Global Britain

The Prime Minister has announced that DFID and the FCO will merge, uniting development and diplomacy in one new department that brings together Britain’s international effort.

  • Work will begin immediately on the merger. The new department – the Foreign, Commonwealth and Development Office – will be established in early September and will be led by the Foreign Secretary.
  • The merger is an opportunity for the UK to have even greater impact and influence on the world stage as we recover from the coronavirus pandemic and prepare to hold the G7 presidency and host COP26 next year.
  • UK aid will be given new prominence within our ambitious international policy. The Foreign Secretary will be empowered to make decisions on aid spending in line with the UK’s priorities overseas, harnessing the skills, expertise and evidence that have earned our reputation as a leader in the international development community.
  • The UK is the only G7 country to spend 0.7% of Gross National Income on overseas development and the Government remains committed to this target, which is enshrined in law.

The Foreign, Commonwealth and Development Office will enable the UK to punch with more weight internationally at a critical time for the international system. 

  • In recent months we have been at the heart of the international effort to tackle Covid-19. For example, earlier this month the Prime Minister chaired a virtual Global Vaccines Summit which raised enough money to immunise 300 million children. This shows the good that this country can do through our international engagement.
  • Next year, will be even more critical for the UK on the world stage: we will be President of the G7, and host both the crucial UN Climate Change Conference in Glasgow and the UN’s 75th anniversary celebrations.

The current pandemic reminds us that security, prosperity, development and foreign policy are inextricably interlinked.

  • The pandemic has demonstrated just how important it is that our development and diplomatic efforts are fused together more closely. We do not have the luxury of separate diplomacy and development efforts.
  • If we are to maximise our international impact, we must combine our national assets and speak with one voice.
  • As the world becomes ever more complex, we need single cross-government strategies for every country, driven by the overarching strategy set by the National Security Council and implemented on the ground by an Ambassador or High Commissioner heading all of Her Majesty’s Government’s work in-country. The new Foreign and Commonwealth Office will enable this by bringing foreign policy and development together.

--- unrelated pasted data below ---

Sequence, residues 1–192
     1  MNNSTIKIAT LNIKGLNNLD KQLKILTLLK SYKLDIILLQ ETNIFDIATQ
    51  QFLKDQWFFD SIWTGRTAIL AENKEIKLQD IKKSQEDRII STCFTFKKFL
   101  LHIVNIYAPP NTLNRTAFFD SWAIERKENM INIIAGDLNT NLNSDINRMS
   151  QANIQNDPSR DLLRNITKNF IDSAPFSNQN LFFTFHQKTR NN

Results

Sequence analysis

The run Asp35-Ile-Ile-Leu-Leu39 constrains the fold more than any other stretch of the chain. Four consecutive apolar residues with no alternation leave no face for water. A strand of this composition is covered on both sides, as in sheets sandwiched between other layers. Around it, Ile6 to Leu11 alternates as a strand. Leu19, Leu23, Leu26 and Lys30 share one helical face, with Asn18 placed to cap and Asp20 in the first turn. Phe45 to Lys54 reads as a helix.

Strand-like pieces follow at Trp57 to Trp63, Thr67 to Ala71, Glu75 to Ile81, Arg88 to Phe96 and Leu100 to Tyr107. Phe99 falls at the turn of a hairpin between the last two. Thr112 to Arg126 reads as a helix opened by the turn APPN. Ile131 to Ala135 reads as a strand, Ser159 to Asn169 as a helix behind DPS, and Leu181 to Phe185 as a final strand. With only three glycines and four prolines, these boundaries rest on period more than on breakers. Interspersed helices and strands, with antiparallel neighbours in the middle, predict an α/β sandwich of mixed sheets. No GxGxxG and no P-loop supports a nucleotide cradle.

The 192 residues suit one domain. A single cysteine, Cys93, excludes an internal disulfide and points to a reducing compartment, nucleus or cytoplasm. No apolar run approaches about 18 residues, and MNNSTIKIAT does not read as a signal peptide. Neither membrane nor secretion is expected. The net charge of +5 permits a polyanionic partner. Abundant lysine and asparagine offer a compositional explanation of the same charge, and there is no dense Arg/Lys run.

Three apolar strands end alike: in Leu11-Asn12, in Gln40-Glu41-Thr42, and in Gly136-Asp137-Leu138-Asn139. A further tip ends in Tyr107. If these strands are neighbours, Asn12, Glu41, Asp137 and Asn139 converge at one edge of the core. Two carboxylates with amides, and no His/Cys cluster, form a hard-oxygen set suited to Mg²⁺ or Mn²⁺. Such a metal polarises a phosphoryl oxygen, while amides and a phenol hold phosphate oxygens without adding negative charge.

This is not about rolling back on our commitments to international development but pursuing them with greater effect. 

  • When DFID was created in 1997 it was the right set-up for that era. DFID officials have done fantastic work worldwide over the years, earning the Department a very well justified reputation as the best in its field.
  • But the world has been transformed since then. This requires us to make sensible changes to strengthen the influence that should come from being the only G7 country to commit in legislation to spending 0.7% of GNI on international development. We owe it to the British people to make best use of these assets.
  • At present, the division of responsibility between DFID and FCO means we are not always able to properly assess aims and priorities, or act as coherently as we might. No single decision-maker in DFID or the FCO has the power to resolve policy choices.
  • Having a single new Department will allow us to maximise our influence by empowering the Foreign Secretary to decide the priorities for both UK spend on international development and our diplomatic efforts, without losing any of the technical expertise which makes our offer so distinct.
  • The Department for International Development has been a more effective spender of aid than any other Government Department and we are clear that this expertise must be brought into the centre of the new Department ensuring our development experts are at the heart of the new Department.
  • Alongside the new Department we will continue our existing work to fully align all of the UK Government’s operations overseas, including putting Her Majesty’s Trade Commissioners under the line management of Ambassadors and High Commissioners.

Now is the right time to make this change.

  • The coronavirus pandemic has already imposed fundamental changes to the way we operate and if there is one further lesson, it is that a whole-of-government approach is just as important abroad as it is at home.
  • Making this change now will ensure the UK can lead the international effort on COVID recovery and renewal but it will also mean the new Department will be ready to deliver the outcomes of our Integrated Review that will be set out in the autumn.

The guiding purpose of the new Foreign, Commonwealth and Development Office will be to promote the UK’s national interest around the world and UK Aid will be at the core of that project. 

  • Ours is a broad view of the national interest.  It is based on values as much as it is on our core interests of security and prosperity.  
  • The UK stands for open societies and democratic values, because they are right in themselves and also the best route to lasting stability and growth.
  • In the real world you cannot separate diplomacy and development as you pursue these interests and values – nor should we in our governance structures.